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Massachusetts No. 44 In New Fiscal Stability Index

Feb 27, 2019Council in the News, State House News Service

By Michael P. Norton – SHNS

Despite its economic strengths, Massachusetts ranks near the bottom in a new fiscal stability index that sizes up the states, its position pulled down by “heavy” government health care, borrowing and employee pension costs. The Massachusetts High Technology Council unveiled its index Tuesday, adding it to its competitiveness dashboard, known as the Massachusetts Technology, Talent and Economic Reporting System (MATTERS).

Massachusetts ranked ninth among the states for its gross state product, but 44th in the fiscal stability rankings. Wyoming ranked first. “There is no better time to focus on long-term financial goals and strategies than when the economy is relatively strong,” council chairman Aron Ain said. “Solutions do not lie in broad taxation schemes, arbitrary cutbacks, or incremental policy change. But in thoughtful strategic collaborations that harnesses the innovative economy.” The showing in the fiscal stability index is offset by No. 1 rankings for Massachusetts in talent and quality of life, according to the MATTERS index. Massachusetts ranks No. 33 in the tax index and 47 in cost of doing business.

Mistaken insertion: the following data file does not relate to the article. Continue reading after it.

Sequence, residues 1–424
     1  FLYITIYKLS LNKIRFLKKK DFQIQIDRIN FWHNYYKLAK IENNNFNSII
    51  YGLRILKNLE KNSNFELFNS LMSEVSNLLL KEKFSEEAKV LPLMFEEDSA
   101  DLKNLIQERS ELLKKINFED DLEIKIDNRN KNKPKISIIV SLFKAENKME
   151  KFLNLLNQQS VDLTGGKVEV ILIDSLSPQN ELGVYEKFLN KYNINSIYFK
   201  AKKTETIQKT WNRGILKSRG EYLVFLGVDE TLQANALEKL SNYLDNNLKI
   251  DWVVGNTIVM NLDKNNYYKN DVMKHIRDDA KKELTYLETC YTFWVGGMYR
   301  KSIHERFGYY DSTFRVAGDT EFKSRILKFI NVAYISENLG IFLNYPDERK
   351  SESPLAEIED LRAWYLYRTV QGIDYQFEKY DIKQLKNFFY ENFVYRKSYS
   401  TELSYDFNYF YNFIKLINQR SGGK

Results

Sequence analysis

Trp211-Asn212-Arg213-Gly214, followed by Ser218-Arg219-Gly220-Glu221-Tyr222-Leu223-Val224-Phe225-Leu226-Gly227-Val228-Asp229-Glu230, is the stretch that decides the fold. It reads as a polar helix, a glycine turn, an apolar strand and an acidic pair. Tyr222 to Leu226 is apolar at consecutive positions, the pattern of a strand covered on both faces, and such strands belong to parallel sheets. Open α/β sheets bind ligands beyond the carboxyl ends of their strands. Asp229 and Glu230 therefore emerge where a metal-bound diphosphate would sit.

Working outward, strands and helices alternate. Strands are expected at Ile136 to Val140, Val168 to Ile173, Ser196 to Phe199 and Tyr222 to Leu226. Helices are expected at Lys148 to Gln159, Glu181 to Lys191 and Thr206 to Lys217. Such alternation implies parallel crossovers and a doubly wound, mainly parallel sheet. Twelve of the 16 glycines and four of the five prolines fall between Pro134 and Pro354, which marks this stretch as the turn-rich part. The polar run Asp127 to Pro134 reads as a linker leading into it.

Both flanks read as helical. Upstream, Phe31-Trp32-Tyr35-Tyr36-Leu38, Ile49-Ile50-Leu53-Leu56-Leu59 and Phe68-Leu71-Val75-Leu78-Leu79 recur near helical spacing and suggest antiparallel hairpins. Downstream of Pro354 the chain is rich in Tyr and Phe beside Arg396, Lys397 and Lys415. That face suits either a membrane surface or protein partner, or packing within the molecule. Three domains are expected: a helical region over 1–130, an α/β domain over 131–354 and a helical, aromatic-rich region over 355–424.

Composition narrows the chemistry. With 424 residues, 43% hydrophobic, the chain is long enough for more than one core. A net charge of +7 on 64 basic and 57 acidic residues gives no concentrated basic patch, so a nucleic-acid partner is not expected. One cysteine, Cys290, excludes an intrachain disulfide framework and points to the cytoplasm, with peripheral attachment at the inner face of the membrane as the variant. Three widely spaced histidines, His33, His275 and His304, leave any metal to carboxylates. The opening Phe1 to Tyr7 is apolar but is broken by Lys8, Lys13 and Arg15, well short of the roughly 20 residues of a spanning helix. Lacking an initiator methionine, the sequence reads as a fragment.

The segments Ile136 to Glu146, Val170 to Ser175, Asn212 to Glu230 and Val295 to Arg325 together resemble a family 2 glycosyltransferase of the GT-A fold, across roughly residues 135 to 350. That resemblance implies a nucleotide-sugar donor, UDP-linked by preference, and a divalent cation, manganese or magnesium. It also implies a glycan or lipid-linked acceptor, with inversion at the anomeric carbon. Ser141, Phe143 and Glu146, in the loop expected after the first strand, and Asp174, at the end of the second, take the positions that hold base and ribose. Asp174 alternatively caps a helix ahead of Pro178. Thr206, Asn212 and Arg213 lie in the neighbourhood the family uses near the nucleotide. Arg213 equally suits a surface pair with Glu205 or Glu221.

An unrelated reported recently knocked the Boston area for its traffic congestion. The negatives cited in the fiscal stability index are some of the same issues long flagged by Wall Street credit rating agencies, which have also regularly cited the strong economic core in Massachusetts, a traditionally high income state where borrowing costs are concentrated in state government rather than counties.

Increasingly, the Massachusetts High Technology Council is stepping up to create, execute, and lead critical statewide competitiveness strategies. Fostering a vision for our innovation economy under the MassVision2050 banner, the Council solidifies its position as a thought leader providing valuable insights to navigate emerging technologies, facilitates long-term planning, and reinforces the Council's commitment to excellence and action in the evolving Massachusetts tech-driven economy.

To learn more, contact Council President Chris Anderson.